Forgotten masterpieces
February 16, 2017 7:11 PM   Subscribe

Sometimes, books that are acclaimed as masterpieces, and widely loved, can fade into obscurity. An example is Richard Hughes's remarkable contributions to children's lit (A High Wind in Jamaica and his wartime stories), which are now forgotten or out of print. What are some other examples of this happening in contemporary genre fiction?

I don't mean books in a dated genre or writing style (eg Ann Radclyffe's Mysteries of Udolpho or the Waverley novels). Or literary fiction which rarely sells widely anyway.

I mean 20th century books that were once popular, and still could be widely enjoyed, but simply aren't any more, because sometimes bad things happen to good books.
posted by dontjumplarry to Writing & Language (26 answers total) 75 users marked this as a favorite
 
The documentary The Stone Reader is all about this subject. Its focus is the novel The Stones of Summer by Dow Mossman (which I have not read). I haven't seen the film in a while, but I seem to recall that its interviewees mention other books that fit your criteria.
posted by Dr. Wu at 7:53 PM on February 16 [1 favorite]


I think Bernard Malamud's books have slipped out of the canon for no reason after being considered some of the best contemporary literature for their time.

Slightly older than contemporary, but Zuleika Dobson by Max Beerbohm is on almost no one's radar anymore, even though it's a great book (and hysterically funny) and was very popular when it came out.
posted by Mchelly at 8:22 PM on February 16 [6 favorites]


Nevil Shute is one such author.
posted by Rash at 9:01 PM on February 16 [9 favorites]


The Bridge of San Luis Rey by Thornton Wilder? It's not genre fiction, but I guess it was a huge success and I feel like it's not very well known at all.
posted by vunder at 9:22 PM on February 16 [1 favorite]


"Silverlock" by John Myers Myers was very popular in the 1960s after being published in 1949. It's high fantasy (of a sort), picaresque even, and rewards those knowledgeable in classical literature and mythology. There was a new issue in 2005 so some people are still reading it, and got introductions from SF luminaries (Jerry Pournelle e.g.). It's a lot of fun, even if frustrating.

Also, I agree about Nevil Shute, a very fine author sadly unread now. There are a number of his titles that would pay rereading.
posted by MovableBookLady at 9:37 PM on February 16 [2 favorites]


Among authors I admire, I'd put John Fowles into this category. "The French Lieutenant's Woman" and "Daniel Martin" were once bestsellers, and probably little read now, but they're both excellent. "A Maggot" is a bizarre but interesting later work, and even a baggy mess like his early "The Magus" is intermittently worthwhile.

For other possible examples, it's worth browsing through the lists of bestsellers organized by decade. Arguably someone like Daphne du Maurier, once extremely popular, is under-read now. But an awful lot is schlock--I can't imagine calling for a revival of Richard Bach, for instance.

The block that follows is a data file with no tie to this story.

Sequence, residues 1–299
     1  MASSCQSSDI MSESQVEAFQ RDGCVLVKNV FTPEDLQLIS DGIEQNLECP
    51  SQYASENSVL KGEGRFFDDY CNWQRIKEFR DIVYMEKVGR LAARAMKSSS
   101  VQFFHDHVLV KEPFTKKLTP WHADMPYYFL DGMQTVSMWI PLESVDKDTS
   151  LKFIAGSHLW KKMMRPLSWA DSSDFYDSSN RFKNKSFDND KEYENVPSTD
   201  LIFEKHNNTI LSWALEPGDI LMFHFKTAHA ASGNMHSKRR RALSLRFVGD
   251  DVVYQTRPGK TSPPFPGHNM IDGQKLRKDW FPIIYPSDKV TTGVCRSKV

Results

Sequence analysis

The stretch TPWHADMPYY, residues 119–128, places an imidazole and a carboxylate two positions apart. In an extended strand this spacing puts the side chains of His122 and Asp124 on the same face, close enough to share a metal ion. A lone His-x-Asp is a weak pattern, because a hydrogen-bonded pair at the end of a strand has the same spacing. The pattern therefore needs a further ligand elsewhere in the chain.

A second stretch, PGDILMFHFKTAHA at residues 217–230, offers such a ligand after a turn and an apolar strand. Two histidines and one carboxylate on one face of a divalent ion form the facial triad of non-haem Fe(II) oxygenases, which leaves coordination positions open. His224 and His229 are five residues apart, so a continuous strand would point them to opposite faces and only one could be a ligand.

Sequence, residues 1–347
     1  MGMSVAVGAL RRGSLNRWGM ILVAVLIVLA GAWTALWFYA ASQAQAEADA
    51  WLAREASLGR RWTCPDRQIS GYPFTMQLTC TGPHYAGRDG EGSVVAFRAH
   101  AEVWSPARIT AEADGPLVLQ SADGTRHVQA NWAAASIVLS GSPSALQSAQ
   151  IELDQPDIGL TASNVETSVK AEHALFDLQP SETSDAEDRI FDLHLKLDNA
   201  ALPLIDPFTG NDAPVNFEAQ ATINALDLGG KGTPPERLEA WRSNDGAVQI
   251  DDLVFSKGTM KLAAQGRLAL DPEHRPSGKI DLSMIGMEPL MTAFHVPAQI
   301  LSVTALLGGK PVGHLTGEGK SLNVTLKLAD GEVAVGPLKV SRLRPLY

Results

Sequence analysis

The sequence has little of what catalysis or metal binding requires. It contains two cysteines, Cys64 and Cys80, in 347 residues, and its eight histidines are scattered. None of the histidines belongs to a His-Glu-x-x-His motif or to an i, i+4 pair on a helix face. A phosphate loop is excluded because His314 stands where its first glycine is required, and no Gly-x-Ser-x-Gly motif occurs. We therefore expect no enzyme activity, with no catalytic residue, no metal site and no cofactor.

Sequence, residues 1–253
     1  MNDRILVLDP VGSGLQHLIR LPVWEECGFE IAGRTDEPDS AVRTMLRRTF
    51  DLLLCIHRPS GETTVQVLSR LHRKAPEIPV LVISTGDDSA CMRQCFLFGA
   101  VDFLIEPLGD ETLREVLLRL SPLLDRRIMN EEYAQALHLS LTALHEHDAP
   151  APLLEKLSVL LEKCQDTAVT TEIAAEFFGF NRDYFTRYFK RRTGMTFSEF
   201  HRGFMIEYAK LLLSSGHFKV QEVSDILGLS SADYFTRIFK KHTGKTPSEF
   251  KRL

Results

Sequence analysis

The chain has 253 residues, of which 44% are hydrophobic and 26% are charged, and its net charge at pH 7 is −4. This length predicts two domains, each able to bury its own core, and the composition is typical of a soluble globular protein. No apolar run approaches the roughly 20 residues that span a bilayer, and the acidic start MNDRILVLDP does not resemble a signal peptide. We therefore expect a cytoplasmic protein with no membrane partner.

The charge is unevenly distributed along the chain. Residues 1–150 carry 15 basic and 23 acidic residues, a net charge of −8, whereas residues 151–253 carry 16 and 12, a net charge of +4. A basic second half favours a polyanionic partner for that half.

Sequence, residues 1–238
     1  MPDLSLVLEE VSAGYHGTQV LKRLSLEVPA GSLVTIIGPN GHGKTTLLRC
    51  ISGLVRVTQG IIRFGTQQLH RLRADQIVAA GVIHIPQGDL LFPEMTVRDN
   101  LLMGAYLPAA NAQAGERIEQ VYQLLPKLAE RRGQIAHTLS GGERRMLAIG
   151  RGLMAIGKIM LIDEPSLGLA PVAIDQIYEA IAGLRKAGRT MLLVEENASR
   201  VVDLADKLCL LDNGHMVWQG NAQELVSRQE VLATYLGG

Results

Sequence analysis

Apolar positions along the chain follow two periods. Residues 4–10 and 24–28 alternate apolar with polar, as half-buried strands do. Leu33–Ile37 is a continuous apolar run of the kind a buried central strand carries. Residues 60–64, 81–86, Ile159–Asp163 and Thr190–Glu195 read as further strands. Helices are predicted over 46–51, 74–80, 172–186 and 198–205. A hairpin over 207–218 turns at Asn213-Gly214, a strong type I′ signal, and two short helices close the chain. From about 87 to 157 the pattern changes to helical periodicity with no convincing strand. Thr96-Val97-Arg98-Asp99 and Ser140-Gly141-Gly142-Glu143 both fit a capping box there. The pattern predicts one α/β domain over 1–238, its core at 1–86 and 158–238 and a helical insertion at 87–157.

posted by informavore at 10:17 PM on February 16 [6 favorites]


Voyage, Sterling Hayden
posted by artdrectr at 11:14 PM on February 16 [2 favorites]


Oooooh, this is one of my favorite categories of books!

Forever Amber, which we read at FanFare, was "a 900-page romp through the Restoration that was both the best-selling and most-banned novel of the 1940s in the US. The Australian government banned the book with the claim that, β€œThe Almighty did not give people eyes to read that rubbish.” Massachusetts helpfully listed its reasons for banning the novel as pornography: β€œ70 references to sexual intercourse, 39 illegitimate pregnancies, 7 abortions, and 10 descriptions of women undressing in front of men.”"

Booth Tarkington is one of only three people to win the fiction Pulitzer more than once (Updike and Faulkner are the others) and hardly anybody reads him anymore! But he's hugely entertaining! His most famous are The Magnificent Ambersons and Alice Adams. His work is mostly out of copyright so you can find it free as e-books. Both were adapted into well-regarded movies.

James Farrell's Studs Lonigan trilogy is another example. Adapted into a movie, on tons of "best of" lists, widely read in American high school curricula in the late 30s and 40s, almost nobody's even heard of it now!
posted by Eyebrows McGee at 11:22 PM on February 16 [16 favorites]


Kenneth Roberts wrote historical fiction, mostly set in the early American history time period and they are fascinating, gripping reads.
posted by TWinbrook8 at 11:42 PM on February 16 [1 favorite]


It’s not out-of-print, so isn’t altogether forgotten, but Margaret Kennedy’s 1924 novel The Constant Nymph might qualify. Likewise, from the same year, Michael Arlen’s The Green Hat.

Also, the wonderful Writers No-One Reads on tumblr might interest you.
posted by misteraitch at 4:34 AM on February 17 [1 favorite]


Your example book is back in print at NYRB. Check out their list for tons of other books that probably meet your criteria. I think that "20th century books that were once popular, and still could be widely enjoyed" represents a big part of their mandate.
posted by paper chromatographologist at 5:26 AM on February 17 [5 favorites]


Booth Tarkington is one of only three people to win the fiction Pulitzer more than once (Updike and Faulkner are the others) and hardly anybody reads him anymore!

Speaking of writers whose stars have fallen, Updike was once regarded as a Very Important Writer and nowadays one hardly hears his name.
posted by slkinsey at 5:51 AM on February 17 [1 favorite]


When you say genre fiction, is that code for fantasy/science fiction/mystery novels?
posted by mecran01 at 5:51 AM on February 17